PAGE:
I've tried doing some research on my own, but I'm coming up short. I'm looking at getting a Tesla wall charger installed in my home. Tesla recommends a 60A breaker so that the charger can run at 48A, although it can be adjusted to run on smaller circuits, all the way down to 15A.

My home has a main panel on one side of the house:

main panel image

I assume the breaker labeled 'House Panel' (90A) feeds the panel in the garage:

garage subpanel

If the garage panel can only support 90A, is there even really enough capacity to support a wall charger feeding off it? If the range takes ~30A and the dryer takes ~25A, we're at 90A-(30A+25A)=35A left over without running any lights, the fridge, TV, computer, etc.

Am I mistaken in thinking that, with the current configuration, if I wanted to power the wall charger off the garage panel, it would be inadvisable to go higher than, say, 20A, leaving 15A for the rest of the house? It's not impossible that all three big-current-draw items (dryer, range, charger) could be running simultaneously in normal use.

Supposing I wanted to run the charger at 40A, would I need to get the service back to the garage panel upgraded from 90A to 110A?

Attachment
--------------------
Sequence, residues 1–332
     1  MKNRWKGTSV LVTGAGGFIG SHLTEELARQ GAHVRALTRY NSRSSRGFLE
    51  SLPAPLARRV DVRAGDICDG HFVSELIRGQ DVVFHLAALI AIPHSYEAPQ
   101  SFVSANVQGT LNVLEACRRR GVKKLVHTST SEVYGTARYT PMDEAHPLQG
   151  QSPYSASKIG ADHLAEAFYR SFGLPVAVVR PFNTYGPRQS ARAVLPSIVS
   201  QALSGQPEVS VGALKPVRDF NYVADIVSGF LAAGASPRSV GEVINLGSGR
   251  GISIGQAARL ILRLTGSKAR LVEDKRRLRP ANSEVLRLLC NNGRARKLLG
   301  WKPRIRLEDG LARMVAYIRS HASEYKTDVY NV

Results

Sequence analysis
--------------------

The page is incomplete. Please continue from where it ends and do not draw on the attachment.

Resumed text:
I'm out of my depth here and trying to make sense of these breaker ratings. Please, let me know if I have some fatal misconceptions. :-)

  • Keep in mind that just because an X Amp breaker is installed in the panel, X Amps are not necessarily being used on that circuit. In your case as long as the limit of the service (200 Amp it appears) is not being exceeded at any given point in time, you will not have issues.
    – jwh20
    Commented Jan 10, 2020 at 23:50
  • How far is the main panel from the garage?
    – JACK
    Commented Jan 11, 2020 at 0:16
  • It really depends on the size of wire coming from the main 200 amp panel going to the garage from the 90 amp breaker. Finding the wire size here will give is a better idea what can be done.
    – Ed Beal
    Commented Jan 11, 2020 at 0:17
  • @JACK Sadly, on the other side of the house. It's maybe 15 to 20 feet as the crow flies (the garage panel is on the interior garage wall closest to the main panel, but there's half a house in-between).
    – Reid
    Commented Jan 11, 2020 at 0:25
  • Sadly I'm not sure what the wire size is, and it's now dark and raining outside. If the wire size was such that 110A was supported per code, that seems like it'd be the best case to me - just switch the breaker at the main panel to a higher-rated one, right? Otherwise getting more power to the garage could be ... difficult.
    – Reid
    Commented Jan 11, 2020 at 0:27

1 Answer 1


Go 60A on the Tesla charger.

You'll thank me later.

Your main panel has the capacity for it, so let's just bite the bullet and do it.

You can serve it out of the main panel without any trouble. 6/2 cable and you're done.

If you want, instead, you could replace that 90A cable with a 150A cable. At that point you can put the 60A charger in the big subpanel. I presume your awesome 40 space sub has 200A busing. However I think that will net out to a lot more money.

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